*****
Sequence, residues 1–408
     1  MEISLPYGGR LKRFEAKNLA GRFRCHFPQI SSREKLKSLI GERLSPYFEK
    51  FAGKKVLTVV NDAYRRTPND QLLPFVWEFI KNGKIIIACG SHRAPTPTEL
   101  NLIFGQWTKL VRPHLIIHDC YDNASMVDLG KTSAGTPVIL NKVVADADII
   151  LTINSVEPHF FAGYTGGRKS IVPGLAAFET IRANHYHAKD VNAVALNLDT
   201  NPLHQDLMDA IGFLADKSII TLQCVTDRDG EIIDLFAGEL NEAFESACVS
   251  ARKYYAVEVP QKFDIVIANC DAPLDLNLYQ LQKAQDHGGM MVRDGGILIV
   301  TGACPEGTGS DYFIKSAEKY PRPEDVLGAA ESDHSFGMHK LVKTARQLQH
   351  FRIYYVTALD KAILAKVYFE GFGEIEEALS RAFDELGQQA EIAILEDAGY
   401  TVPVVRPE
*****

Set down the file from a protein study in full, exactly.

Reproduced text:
Sequence, residues 1–408
     1  MEISLPYGGR LKRFEAKNLA GRFRCHFPQI SSREKLKSLI GERLSPYFEK
    51  FAGKKVLTVV NDAYRRTPND QLLPFVWEFI KNGKIIIACG SHRAPTPTEL
   101  NLIFGQWTKL VRPHLIIHDC YDNASMVDLG KTSAGTPVIL NKVVADADII
   151  LTINSVEPHF FAGYTGGRKS IVPGLAAFET IRANHYHAKD VNAVALNLDT
   201  NPLHQDLMDA IGFLADKSII TLQCVTDRDG EIIDLFAGEL NEAFESACVS
   251  ARKYYAVEVP QKFDIVIANC DAPLDLNLYQ LQKAQDHGGM MVRDGGILIV
   301  TGACPEGTGS DYFIKSAEKY PRPEDVLGAA ESDHSFGMHK LVKTARQLQH
   351  FRIYYVTALD KAILAKVYFE GFGEIEEALS RAFDELGQQA EIAILEDAGY
   401  TVPVVRPE